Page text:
The Spotlight On: Ms. Thao, Patriotic and Proud Saigonese

October 1, 2014 by | Filed Under: News, Our People, Vietnam

Every month, we put the spotlight on one of the key players who make it happen for your privileged clients. This month, get to know Ms. Thu Thao, Assistant Reservations & Operations at Khiri Travel Vietnam, Ho Chi Minh City head office.

Interview with Khiri Travel Vietnam colleague Thao in The Spotlight On

What do we need to know about you?

My hometown is Saigon as it is for my parents. I am proud to be truly Saigonese. Some people may not like this crowded city but I love the familiarity of rushing to work in the early morning, watching the traffic crawl back home and just observing people on the road. In my free time, I am learning to speak German. To me, one of the best ways to know about a culture is to learn the language.

How long have you worked with Khiri Travel?

I have been working with Khiri Travel Vietnam for almost four months since graduating from university. I am the assistant for reservations and operations in charge of accommodations, tours, guides, transportation and all other services for an itinerary. I also have the responsibility to make sure that everything is set and runs properly.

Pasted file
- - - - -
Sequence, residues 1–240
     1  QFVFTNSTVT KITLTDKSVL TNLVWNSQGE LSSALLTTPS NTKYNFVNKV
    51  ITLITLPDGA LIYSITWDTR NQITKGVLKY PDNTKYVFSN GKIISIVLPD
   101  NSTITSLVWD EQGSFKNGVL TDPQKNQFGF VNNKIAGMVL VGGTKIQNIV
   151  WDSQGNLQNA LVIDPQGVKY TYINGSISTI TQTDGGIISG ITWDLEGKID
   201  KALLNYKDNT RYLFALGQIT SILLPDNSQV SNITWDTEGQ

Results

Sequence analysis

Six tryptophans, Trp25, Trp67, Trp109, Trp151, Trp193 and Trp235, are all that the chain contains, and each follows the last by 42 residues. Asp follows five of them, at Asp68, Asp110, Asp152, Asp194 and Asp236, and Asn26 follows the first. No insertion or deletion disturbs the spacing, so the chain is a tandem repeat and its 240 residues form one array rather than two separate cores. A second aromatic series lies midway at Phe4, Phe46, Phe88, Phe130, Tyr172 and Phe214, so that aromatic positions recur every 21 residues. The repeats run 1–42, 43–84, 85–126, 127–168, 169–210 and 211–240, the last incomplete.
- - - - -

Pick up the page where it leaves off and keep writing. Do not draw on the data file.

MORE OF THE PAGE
What do you like to tell us about Vietnam?

I recently had a trip to Dalat with my classmates. The special thing about this place is the slow-paced lifestyle. Visitors will rarely experience a car horn or traffic light. In the center of the city, surrounded by walking paths is the crystal clear Xuan Huong Lake where one can try a taste of delicious soybean milk from vendors at the lakeside.

The festival I like best is our National Day holiday that takes place annually on 2 September, the day in 1945 when Uncle Ho (Ho Chi Minh) declared Vietnamese independence at Ba Đình Square, Hanoi. There are fireworks and parades across the nation to promote patriotism, especially for the younger generation.

What food related traditions does Vietnam have?

There are endless traditions regarding food! Banh chung, or sticky rice is an important tradition of the Lunar New Year for eating and placing on the family’s ancestor altar. It is made with rice, pork and green beans wrapped inside a special leaf called dong. The preparation is relatively complicated and it takes more than eight hours to produce one rice cake, but it is a special time for the elderly to tell some folklore to the children.

Talking about Vietnamese cuisine it would be mistaken not to mention pho. This simple and tasty staple consists of a salty broth, fresh rice noodles, a sprinkling of herbs and chicken or beef. Pho Hung restaurant at 10 Nguyen Thi Nghia, District 1, HCMC is famous for pho.

What is the best thing for a traveler to bring back from Vietnam?

The best thing is the joy of discovering a new culture and capturing some stunning photos of wandering around and enjoying some amazing dishes. From my viewpoint, the national costume or ao dai and the conical hat or non la are the traditional souvenirs for the majority of tourists coming to Vietnam. More than indispensible clothing for special events, the ao dai tunic dress is a symbol of my country.